Health & Wellness
Cat parents can attest that cleaning the litter box isn’t a glamorous part of pet parenthood. But, the chore has benefits outside of keeping your home smelling fresh. It's a good time to track what’s normal and what's not when it comes to your pet's bathroom habits.
If you notice any bodily changes, like blood in their poop, you’ll know something is up. And while there can be several causes for blood in your cat’s stool — some more serious than others — it’s always worth investigating.
“Normal cat stool should be firm and brown, like a Tootsie Roll,” Dr. Elizabeth Devitt, DVM, Fetch’s on-staff vet, says. “Any change in that appearance — like blood — means something is wrong.”
The causes of blood in their stool can vary widely and might result from milder issues like stress, intestinal parasites or dietary intolerances. However, more serious causes can include intestinal inflammatory conditions or other underlying health problems.
And although worms aren’t a typical reason behind this change, some intestinal parasites, like giardia or coccidia, might cause blood to appear in their stool, Dr. Devitt adds.
“Blood in a cat’s stool is never normal, but it isn’t always an emergency,” Dr. Devitt says.
Your cat's stool color can help you gauge if changes can be brought up at your next vet visit or if you should call your pet’s doctor immediately. Bright-or-light-red poop is usually an indicator of lower intestinal tract inflammation, which can be caused by stress, a change in diet or parasites.
Dark-red or black blood in poop means something more serious is going on and that your cat is likely struggling with an ulceration or blockage higher up in their intestinal tract, Dr. Devitt shares.
“Moreover, if your cat has diarrhea with blood, that warrants more immediate veterinary attention. If possible, save a stool sample in a plastic container so your veterinarian can have it tested for gastrointestinal parasites.”
Introducing the Fetch Health Forecast.
“Stool is an indicator of overall health,” Dr. Devitt explains. “Any change from normal stool means something isn’t right.” While the cause of any change in your cat’s stool could be minor, you can’t know for sure until you check with a professional.
If there’s only a small amount of blood and your cat is acting normally (like eating normally and has a happy demeanor and healthy-looking appearance), there’s probably no cause for concern. Monitor the situation over the next few days to see if the blood worsens and reach out to your vet with any questions you may have.
In the case more blood appears, becomes darker in color or if your cat starts showing concerning behavior (think: a reduced appetite, vomiting, diarrhea or lethargy), you should seek veterinary attention as soon as possible.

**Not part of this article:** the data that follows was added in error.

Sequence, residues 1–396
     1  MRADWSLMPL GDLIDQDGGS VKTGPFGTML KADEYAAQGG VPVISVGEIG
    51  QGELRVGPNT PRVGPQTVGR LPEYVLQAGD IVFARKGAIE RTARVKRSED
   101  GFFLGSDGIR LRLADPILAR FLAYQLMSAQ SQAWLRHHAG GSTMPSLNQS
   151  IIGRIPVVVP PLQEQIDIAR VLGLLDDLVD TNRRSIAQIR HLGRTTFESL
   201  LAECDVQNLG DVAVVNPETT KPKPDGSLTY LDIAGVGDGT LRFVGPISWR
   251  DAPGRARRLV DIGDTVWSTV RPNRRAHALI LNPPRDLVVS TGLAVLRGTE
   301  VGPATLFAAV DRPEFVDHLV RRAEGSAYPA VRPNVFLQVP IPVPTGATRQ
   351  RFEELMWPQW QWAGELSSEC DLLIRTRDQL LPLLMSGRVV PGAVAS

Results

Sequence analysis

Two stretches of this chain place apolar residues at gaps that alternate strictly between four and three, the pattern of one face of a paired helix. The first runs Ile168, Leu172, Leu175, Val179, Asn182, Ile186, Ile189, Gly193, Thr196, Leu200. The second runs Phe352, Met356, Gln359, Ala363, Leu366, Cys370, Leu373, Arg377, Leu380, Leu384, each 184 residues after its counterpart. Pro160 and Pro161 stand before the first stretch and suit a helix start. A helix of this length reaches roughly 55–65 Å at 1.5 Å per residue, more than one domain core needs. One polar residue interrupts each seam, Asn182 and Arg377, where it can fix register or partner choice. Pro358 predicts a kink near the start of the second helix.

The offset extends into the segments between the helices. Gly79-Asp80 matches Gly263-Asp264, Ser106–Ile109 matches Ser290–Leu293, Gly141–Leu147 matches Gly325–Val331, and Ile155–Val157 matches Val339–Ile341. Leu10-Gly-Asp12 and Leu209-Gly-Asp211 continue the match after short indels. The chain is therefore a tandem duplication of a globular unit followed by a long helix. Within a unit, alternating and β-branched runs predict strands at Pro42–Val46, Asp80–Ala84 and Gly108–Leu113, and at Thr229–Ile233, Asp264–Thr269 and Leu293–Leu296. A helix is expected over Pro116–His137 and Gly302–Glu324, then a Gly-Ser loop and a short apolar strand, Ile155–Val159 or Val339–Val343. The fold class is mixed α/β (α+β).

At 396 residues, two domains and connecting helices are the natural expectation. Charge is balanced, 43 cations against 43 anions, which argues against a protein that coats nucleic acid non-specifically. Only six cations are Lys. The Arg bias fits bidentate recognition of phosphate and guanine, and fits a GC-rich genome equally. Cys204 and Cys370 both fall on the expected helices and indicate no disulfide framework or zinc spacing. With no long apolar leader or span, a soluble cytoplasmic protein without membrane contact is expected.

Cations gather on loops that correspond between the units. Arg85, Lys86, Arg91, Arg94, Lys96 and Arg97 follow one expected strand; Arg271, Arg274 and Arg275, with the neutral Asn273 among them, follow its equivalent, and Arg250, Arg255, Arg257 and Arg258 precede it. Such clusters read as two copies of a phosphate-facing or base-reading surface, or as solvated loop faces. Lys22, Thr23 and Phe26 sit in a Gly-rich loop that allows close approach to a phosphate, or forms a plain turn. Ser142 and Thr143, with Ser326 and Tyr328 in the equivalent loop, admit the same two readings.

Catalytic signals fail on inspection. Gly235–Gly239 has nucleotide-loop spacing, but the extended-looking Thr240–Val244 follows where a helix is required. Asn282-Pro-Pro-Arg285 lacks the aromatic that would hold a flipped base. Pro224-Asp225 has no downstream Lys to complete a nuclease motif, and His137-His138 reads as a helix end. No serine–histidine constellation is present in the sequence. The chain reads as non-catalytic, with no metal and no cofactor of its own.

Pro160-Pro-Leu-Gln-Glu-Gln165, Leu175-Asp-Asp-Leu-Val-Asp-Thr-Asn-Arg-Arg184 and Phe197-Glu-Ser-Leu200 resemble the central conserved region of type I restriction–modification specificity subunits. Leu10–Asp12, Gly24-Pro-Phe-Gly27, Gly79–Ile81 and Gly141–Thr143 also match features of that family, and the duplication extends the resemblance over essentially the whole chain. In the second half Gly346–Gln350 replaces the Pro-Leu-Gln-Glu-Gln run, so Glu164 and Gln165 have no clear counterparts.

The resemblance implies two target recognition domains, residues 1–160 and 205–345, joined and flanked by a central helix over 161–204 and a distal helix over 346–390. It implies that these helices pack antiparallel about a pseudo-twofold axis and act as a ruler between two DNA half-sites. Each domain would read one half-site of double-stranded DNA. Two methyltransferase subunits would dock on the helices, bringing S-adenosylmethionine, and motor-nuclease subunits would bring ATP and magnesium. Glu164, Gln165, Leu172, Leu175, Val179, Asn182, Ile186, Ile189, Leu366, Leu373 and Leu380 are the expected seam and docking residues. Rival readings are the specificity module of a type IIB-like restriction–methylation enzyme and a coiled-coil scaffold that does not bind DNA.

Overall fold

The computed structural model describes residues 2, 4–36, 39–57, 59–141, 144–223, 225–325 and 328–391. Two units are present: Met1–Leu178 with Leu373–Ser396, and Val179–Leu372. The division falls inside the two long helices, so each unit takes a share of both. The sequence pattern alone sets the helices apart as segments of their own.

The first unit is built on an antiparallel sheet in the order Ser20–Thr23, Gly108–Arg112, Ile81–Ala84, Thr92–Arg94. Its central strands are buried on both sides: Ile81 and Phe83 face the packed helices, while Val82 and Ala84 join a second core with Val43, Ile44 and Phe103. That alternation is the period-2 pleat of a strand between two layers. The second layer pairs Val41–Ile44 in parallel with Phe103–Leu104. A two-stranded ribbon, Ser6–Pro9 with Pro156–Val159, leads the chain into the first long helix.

Poop with mucus or poop that has a new unfamiliar smell should also signal that it's time to reach out to your veterinarian.
When in doubt, it’s best to visit the vet’s office. “A veterinarian may need to evaluate your cat’s overall health, run a fecal analysis or get blood work done to make sure there are no underlying health concerns that need to be addressed,” Dr. Devitt says.
“The treatment for blood in a cat's stool depends on the cause,” Dr. Devitt says. “If the reason behind the blood is stress, ensure your cat has safe places to relax. Dietary intolerances may be resolved with a vet-approved different food or by avoiding particular treats, and parasites can be eliminated with the appropriate medication.”
Regardless of your vet's recommended treatment plan, watch your pet closely while they're recovering and seek medical attention if the blood in your cat’s poop worsens or if they’re showing signs of sickness.
Some cats benefit from eating probiotics like yogurt, which introduce beneficial bacteria into their gut. But make sure to check with your vet before offering some to your pet — sometimes, the snack does more harm than good, as most cats are lactose intolerant (beware of diarrhea). Picking the right brand is important, too, as some contain a toxic sugar substitute called xylitol.
Moreover, there are likely not enough bacteria in the yogurt you’d offer your cat to make much of a difference. “However, a mild case of colitis may be helped by added fiber,” Dr. Devitt says. “Either as a high-fiber diet or a little bit of pumpkin. But don’t reach for home remedies without first checking with your vet.”
The Dig, Fetch's expert-backed editorial, answers all of the questions you forget to ask your vet or are too embarrassed to ask at the dog park. We help make sure you and your best friend have more good days, but we’re there on bad days, too.
Save up to 90% on unexpected vet bills
No enrollment fee, cancel anytime.
Photo by Cole Keister on Unsplash